**Warning: spoilers about the television show Game of Thrones ahead.**
Last week we discussed the sin of “anticlimactic endings” in storytelling, using two of the largest Game of Thrones’ plot points as examples. This week the topic is lackluster dialogue. This is another huge issue to be avoided at all costs when crafting the characters in your story.
How Did Game of Thrones Drop the “Dialogue Ball” in its Final Season
A popular topic on several Game of Thrones discussion forums is the downward spiral of the characters’ dialogue. The amount of dialogue significantly less in this season, and also its quality and believability has come into question. Some people are even using the dialogue as fodder for memes and jokes. This widely shared graphic depicts the number of words spoken per minute from the first season to the last, with an obvious continual decrease from start to finish.
Some may argue that less dialogue was necessary for later seasons since they were no longer laying the foundation for character and plot development. However, most other fans would say that one of their favorite facets of Game of Thrones was its in-depth focus on the conversations between characters. Not only was it necessary for character building, but it would often provide humor, insight, and a deeper connection with the characters’ plights and motivations.
Additionally, many have criticized the dialogue’s lack of creativity and alignment with the characters in the final season. Tyrion Lannister went from being one of the wisest, most well-read characters on the show to a laughingstock. There are even many other articles that dissect this phenomenon. Meanwhile, Arya’s statement that older sister Sansa Stark was “the smartest person she knew” has come under scrutiny. This is due to the fact Arya barely spent any time with Sansa for a majority of the series but did serve under the incredibly intelligent warlord and strategist Tywin Lannister.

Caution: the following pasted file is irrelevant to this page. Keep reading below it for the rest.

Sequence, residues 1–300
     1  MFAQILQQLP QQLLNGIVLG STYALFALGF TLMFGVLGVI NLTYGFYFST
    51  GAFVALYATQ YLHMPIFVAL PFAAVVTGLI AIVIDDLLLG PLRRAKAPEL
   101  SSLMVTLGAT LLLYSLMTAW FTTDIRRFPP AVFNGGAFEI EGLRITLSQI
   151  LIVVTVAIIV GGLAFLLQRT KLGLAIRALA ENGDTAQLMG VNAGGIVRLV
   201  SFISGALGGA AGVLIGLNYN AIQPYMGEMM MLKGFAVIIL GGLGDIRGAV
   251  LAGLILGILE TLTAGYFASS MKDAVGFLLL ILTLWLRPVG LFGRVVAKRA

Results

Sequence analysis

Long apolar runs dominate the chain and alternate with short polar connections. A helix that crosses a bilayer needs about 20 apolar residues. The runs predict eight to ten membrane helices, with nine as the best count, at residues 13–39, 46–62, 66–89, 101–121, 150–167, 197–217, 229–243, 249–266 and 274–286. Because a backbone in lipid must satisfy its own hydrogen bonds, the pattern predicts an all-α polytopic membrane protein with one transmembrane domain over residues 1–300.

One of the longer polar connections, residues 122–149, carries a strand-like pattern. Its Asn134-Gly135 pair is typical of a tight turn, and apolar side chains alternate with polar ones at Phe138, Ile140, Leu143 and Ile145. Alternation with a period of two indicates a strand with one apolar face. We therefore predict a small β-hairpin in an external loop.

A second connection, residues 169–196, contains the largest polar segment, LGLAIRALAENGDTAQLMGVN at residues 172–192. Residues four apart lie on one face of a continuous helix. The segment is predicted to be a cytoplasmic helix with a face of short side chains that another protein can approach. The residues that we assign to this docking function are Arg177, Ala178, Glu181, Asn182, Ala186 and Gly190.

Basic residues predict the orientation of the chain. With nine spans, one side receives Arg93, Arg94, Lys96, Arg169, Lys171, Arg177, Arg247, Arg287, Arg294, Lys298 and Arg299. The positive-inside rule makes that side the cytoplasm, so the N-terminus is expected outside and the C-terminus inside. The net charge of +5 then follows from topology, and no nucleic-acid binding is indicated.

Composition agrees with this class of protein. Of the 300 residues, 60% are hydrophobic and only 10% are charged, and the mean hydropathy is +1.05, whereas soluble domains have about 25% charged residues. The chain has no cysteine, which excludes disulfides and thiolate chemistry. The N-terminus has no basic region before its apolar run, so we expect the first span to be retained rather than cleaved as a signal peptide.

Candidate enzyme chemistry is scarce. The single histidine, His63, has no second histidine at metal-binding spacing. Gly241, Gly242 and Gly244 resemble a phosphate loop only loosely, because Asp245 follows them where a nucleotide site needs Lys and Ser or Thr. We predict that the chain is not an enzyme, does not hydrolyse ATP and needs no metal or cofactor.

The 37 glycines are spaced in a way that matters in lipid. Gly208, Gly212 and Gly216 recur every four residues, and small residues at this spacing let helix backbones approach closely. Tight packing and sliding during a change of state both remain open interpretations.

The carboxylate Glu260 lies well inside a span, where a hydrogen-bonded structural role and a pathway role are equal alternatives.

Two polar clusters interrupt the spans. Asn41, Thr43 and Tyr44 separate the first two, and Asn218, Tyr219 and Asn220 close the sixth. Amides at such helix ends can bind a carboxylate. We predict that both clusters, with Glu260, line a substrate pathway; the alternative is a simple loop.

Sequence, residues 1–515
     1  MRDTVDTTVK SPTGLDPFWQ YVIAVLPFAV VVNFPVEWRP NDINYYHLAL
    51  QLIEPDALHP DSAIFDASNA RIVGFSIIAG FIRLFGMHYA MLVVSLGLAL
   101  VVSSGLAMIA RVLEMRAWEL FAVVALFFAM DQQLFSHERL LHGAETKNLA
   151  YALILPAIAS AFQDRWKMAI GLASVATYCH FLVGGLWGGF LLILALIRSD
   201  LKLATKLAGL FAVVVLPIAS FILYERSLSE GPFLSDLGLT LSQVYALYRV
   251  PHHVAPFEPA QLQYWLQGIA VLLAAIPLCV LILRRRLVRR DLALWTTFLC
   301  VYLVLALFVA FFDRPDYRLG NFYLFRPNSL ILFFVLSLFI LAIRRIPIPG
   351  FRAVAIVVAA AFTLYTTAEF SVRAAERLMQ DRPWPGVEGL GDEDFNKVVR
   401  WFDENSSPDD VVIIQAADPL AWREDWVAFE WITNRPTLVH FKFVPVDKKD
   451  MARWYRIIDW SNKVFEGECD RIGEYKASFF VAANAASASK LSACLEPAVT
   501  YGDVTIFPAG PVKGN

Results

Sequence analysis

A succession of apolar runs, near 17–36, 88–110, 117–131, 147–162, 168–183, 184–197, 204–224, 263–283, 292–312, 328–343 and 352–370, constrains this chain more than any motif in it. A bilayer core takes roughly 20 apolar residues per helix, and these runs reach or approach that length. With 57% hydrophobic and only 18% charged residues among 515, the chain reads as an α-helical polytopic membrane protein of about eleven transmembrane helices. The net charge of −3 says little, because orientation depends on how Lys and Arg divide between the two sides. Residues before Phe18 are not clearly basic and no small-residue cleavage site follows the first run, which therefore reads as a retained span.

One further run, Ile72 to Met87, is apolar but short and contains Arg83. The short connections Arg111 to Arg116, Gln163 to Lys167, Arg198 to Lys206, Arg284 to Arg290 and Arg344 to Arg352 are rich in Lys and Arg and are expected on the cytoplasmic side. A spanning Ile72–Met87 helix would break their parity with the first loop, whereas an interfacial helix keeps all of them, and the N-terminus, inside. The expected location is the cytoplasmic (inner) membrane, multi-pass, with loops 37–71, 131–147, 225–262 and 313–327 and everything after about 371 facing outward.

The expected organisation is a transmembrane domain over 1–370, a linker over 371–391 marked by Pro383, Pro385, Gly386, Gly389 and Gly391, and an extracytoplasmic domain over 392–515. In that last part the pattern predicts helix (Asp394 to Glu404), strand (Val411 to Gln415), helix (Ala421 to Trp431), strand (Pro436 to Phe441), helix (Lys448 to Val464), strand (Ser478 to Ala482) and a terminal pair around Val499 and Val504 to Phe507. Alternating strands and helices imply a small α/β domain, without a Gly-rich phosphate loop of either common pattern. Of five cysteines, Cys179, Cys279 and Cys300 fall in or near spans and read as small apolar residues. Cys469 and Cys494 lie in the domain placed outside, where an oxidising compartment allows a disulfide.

Advice on Writing Good Dialogue
1. Align Your Characters Voice with Their Personality and Behavior
Above all, know your characters. For the final season of Game of Thrones, a majority of the characters’ dialogue has been taken to task by fans because of its disagreement with their previous behaviors and personality traits (Daenerys Targaryen’s sudden villainous turn being a prime example of this).
2. Keep Your Characters Natural Flow of Conversation
Don’t be afraid to utilize punctuation choices such as dashes, semicolons, “incorrect” language, interruptions, etc. when writing dialogue. People don’t sound like robots when they speak in real life, so don’t use robotic-sounding language! Ensure your dialogue has a natural and believable flow. Use appropriate word choice and cadence for whichever character is speaking.
3. Double Check That Your Conversations Do Not Conflict with Previous Statements
Do conversations early on in the story conflict with discussions towards the end? Ask yourself whether the dialogue makes sense or causes plot holes throughout the story. Does it match with the world you are creating or the rules for the area? This is when self-editing and a professional set of eyes can help to look for inconsistencies in the dialogue that don’t agree with another part in the storyline/world building.
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